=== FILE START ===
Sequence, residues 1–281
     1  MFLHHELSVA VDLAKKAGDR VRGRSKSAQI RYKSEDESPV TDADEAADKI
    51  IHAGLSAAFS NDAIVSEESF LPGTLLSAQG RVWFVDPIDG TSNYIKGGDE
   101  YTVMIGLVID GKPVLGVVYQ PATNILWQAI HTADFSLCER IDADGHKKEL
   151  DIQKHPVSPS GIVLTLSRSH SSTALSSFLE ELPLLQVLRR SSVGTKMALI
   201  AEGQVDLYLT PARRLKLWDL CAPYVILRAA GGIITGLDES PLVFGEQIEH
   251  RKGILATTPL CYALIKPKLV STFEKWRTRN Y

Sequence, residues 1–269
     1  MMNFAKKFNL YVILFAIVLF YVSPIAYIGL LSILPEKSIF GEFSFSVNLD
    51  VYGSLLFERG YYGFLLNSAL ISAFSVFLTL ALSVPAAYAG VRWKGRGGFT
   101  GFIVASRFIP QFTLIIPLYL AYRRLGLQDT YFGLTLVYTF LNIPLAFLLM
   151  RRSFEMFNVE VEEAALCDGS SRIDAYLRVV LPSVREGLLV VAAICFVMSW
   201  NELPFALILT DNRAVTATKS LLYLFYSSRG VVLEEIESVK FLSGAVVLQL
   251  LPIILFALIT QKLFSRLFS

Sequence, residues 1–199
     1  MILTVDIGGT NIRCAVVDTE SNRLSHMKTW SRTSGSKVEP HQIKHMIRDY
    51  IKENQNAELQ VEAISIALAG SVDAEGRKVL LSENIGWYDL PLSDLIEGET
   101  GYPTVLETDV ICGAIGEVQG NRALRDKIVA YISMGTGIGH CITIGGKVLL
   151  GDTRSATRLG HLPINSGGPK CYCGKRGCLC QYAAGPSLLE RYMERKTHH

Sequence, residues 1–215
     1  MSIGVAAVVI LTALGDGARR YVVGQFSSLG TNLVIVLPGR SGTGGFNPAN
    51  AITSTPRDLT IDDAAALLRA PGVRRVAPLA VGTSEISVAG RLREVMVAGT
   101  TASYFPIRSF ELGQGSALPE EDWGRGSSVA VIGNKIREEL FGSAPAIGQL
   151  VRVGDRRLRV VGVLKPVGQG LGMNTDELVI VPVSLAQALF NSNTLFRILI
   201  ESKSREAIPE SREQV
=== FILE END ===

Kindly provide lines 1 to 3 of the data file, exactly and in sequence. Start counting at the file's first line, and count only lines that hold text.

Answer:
Sequence, residues 1–281
     1  MFLHHELSVA VDLAKKAGDR VRGRSKSAQI RYKSEDESPV TDADEAADKI
    51  IHAGLSAAFS NDAIVSEESF LPGTLLSAQG RVWFVDPIDG TSNYIKGGDE